That chain of narrative events has little cohesion, and so it’s hard for players to find their footing. More importantly, it exposes the problems that plague the entirety of World of Warcraft. It’s interesting that one of the biggest complaints about Battle for Azeroth has been a lack of content — in a game that has existed, and been continuously updated, for 15 years.
The truth is that WoW is like a precariously wobbling tower. Each new addition is the only relevant part of the game. The idea of the game only starting at the endgame becomes increasingly odd when players can work their way up to level 120. There are countless hours of content that players can easily miss, and the only reason to return to old areas at max level is often cosmetic rewards.
Even leveling alts and experiencing the game through a new perspective is tough. Allied Races, a promising new concept that allows new customization for player avatars, requires that I start back at level 20 and work my way up to the relevant content at 120. The story of the game no longer makes sense, due to retcons and time skips. After the Cataclysm expansion, which overhauled the 1-60 leveling experience, the 1-120 experience is chronologically out of order, jumping back and forth in time. Players gain experience so fast that they have no reason to visit giant swathes of the game world before they move onto the next zone, the next expansion, and eventually find themselves in Patch 8.2.
This philosophy of clipping out old content, making it irrelevant, and then preparing the next patch has become so problematic that even content and stories that kick off Battle for Azeroth, like the War of the Thorns, are no longer in the game. At one point, I went to Orgrimmar, where Sylvanas Windrunner charged me with finding the traitorous High Overlord Saurfang. I left her headquarters, the world phased, and there was Saurfang, hanging outside. Needless to say, it removed the urgency from my mission.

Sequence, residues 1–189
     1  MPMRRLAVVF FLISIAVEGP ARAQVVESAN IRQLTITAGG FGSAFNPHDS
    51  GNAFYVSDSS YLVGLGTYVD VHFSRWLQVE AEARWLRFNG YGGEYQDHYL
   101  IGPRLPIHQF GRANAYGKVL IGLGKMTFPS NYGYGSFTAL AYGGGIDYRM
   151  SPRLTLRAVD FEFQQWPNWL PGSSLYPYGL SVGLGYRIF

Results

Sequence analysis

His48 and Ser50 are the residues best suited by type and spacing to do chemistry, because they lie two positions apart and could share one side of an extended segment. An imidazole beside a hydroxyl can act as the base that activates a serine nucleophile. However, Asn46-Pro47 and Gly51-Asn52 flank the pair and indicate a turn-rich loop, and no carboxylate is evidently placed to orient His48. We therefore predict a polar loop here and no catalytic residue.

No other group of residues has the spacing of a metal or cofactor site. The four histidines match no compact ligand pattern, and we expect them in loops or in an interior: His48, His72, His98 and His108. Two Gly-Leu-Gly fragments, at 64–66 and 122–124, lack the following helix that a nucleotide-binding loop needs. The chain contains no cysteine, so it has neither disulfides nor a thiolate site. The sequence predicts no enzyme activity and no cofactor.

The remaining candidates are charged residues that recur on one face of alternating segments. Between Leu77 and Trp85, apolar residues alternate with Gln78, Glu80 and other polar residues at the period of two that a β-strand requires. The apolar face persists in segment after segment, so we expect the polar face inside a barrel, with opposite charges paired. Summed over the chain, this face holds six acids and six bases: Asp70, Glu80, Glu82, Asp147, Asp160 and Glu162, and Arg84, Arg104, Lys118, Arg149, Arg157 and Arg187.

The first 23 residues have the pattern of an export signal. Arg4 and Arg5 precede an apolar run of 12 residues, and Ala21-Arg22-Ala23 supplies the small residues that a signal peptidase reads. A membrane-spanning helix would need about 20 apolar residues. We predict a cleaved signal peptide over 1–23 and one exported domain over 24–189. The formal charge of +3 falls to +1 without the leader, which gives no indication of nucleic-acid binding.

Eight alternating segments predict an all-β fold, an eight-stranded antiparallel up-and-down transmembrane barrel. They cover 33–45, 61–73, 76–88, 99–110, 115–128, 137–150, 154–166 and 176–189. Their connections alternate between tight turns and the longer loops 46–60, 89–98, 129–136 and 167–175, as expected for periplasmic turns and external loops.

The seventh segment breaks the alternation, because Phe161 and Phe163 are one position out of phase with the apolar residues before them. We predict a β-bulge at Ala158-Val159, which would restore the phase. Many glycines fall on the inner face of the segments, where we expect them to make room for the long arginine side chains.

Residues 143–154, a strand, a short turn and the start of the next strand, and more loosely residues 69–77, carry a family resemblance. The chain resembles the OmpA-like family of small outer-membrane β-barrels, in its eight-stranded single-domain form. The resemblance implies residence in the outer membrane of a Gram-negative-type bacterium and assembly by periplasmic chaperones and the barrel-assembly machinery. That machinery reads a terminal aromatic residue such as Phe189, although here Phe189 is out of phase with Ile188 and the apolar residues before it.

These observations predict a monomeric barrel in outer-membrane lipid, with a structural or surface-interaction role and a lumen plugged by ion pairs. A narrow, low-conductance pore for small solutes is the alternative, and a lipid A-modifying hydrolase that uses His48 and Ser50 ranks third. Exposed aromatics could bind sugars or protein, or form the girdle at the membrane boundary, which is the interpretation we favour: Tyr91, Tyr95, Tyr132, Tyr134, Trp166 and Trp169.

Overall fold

The end result is that everything in World of Warcraft is focused on funneling toward the most recent patch. The amount of cosmetic rewards, pets, achievements, and so on will likely mean that Nazjatar and Mechagon remain relevant in 8.3. But as time marches on, and more expansions come out, this set of content will become less accessible, putting World of Warcraft at risk for the same issues down the line.
The risks of a forever game
A game usually has a finite campaign, or stays in a player’s rotation until they’ve grown tired of it. World of Warcraft has kept a player base by constantly evolving and reworking itself. Its competition is no longer other MMORPGs, but smaller and more agile games as a service. By comparison, World of Warcraft is a sprawling monster of a game … but it currently doesn’t take advantage of its massive library of zones, quests, and chains of progression.
Patch 8.2 is a very good patch, and enjoyable to play … but it drives home just how much the World of Warcraft is a selection of disconnected levels. The tower of content Blizzard has built is desperately uneven, and there are few fixes that won’t require large-scale solutions.
Battle for Azeroth won’t hold these answers; the gameplay changes that would need to happen are outside the scope of a single patch. The next expansion, and the one after that, and so on, would likely need to address the connective tissue between content patches. As it is, Rise of Azshara is a well-designed, gorgeous, and massive patch that addresses many of this expansion’s gameplay woes … but it’s still isolated, and doomed to eventually be left behind like the previous endgames of fantastic expansions.
There have been signs that Blizzard might find ways to bring the world together. Legion quests often brought us to old world zones, and the class quests brought back old characters and wrapped up dangling plot threads. Timewalking, as a system, allows players to go back and do older dungeons for modern rewards. Even the launch of World of Warcraft Classic suggests that Blizzard isn’t adverse to pulling from WoW’s past. Patch 8.2 has done a lot to secure World of Warcraft’s present. As this expansion progresses, I’m interested to see what Nazjatar and Mechagon mean for the game’s future.